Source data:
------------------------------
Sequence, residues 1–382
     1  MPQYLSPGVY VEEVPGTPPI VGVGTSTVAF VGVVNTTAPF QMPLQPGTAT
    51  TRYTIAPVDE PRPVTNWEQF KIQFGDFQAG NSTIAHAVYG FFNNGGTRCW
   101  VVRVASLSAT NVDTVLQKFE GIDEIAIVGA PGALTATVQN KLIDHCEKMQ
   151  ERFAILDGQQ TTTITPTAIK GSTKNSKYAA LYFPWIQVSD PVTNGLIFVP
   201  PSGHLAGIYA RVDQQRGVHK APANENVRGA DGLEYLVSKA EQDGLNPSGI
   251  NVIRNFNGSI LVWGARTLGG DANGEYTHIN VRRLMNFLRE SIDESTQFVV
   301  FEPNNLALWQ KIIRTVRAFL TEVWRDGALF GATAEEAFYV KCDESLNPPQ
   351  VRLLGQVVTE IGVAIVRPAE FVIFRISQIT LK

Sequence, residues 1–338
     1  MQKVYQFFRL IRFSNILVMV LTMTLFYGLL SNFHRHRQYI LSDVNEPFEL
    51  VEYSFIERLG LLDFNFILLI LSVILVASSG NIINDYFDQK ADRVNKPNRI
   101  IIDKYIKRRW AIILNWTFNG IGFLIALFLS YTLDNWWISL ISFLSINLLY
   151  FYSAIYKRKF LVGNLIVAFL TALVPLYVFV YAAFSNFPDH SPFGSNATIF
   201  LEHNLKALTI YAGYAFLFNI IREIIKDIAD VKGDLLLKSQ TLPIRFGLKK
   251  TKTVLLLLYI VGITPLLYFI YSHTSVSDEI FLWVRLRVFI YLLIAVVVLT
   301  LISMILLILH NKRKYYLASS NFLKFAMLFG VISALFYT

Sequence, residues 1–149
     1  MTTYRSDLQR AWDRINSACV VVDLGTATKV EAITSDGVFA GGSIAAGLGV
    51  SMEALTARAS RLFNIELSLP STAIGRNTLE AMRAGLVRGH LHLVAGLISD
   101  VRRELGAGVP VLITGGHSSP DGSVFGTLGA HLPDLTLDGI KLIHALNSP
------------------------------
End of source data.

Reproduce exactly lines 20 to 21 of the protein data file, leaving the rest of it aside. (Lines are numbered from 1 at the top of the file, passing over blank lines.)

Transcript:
    51  SMEALTARAS RLFNIELSLP STAIGRNTLE AMRAGLVRGH LHLVAGLISD
   101  VRRELGAGVP VLITGGHSSP DGSVFGTLGA HLPDLTLDGI KLIHALNSP